Google’s policy update confirms that all your posted content will be utilized for AI training

If you were in any doubt that the content you post publicly online will be fed to AI models, take a look at Google’s updated privacy policy. The document now explicitly states that the company reserves the right to collect and analyze pretty much anything people share on the web to train its AI systems.

Google’s update over the weekend introduced new wording to its privacy policy. It previously stated that people’s data would be used to train “language” models, mentioning only Google Translate. The updated version changes this to “AI models,” specifically mentioning Bard and Cloud AI alongside Translate.

One of the many contentious issues with generative AI systems such as ChatGPT and Bard is the way they scrape and use data. It might be publicly available information, but that doesn’t stop the plagiarism and privacy concerns, not to mention the possibility of the AI misinterpreting what was said or offering up old, outdated answers. Even Google has warned employees to be cautious when using chatbots like its own Bard as they can make undesired code suggestions.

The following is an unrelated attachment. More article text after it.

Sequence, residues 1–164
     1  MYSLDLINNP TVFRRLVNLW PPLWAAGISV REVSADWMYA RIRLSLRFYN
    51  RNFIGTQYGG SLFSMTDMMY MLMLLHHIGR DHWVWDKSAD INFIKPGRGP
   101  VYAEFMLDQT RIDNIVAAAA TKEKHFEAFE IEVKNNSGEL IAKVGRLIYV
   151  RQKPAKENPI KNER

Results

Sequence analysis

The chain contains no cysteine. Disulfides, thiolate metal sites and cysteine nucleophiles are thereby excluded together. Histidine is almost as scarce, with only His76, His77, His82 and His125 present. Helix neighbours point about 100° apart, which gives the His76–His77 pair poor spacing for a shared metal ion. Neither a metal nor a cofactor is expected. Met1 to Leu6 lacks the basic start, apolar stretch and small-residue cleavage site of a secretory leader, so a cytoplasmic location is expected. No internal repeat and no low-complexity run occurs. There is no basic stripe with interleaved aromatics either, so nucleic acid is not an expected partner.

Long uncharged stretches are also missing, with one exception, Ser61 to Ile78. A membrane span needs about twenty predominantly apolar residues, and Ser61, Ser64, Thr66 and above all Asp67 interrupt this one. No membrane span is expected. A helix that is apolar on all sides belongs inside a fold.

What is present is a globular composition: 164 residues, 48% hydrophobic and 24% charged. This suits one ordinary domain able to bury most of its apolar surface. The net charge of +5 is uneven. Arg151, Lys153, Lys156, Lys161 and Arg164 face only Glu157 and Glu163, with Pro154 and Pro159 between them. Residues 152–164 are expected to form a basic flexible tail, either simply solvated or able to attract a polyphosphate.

There’s also a question of whether this sort of data scraping is even legal. ChatGPT creator OpenAI is facing lawsuits over accusations that it collected personal information from internet users illegally and used the data to create its products.

OpenAI is also dealing with a lawsuit over copyright infringement and privacy violations relating to claims that it used copyrighted books without permission to train its AI systems. The company allegedly copied text from these titles unlawfully by not obtaining consent from the copyright holders and not giving them credit or compensation..

Data scraping seems to be an especially vexing subject for Elon Musk. Twitter over the weekend temporarily limited the number of tweets accounts could read per day to allegedly address “extreme levels” of data scraping and “system manipulation” on the platform – though not everyone agrees this was the reason for the limitation.

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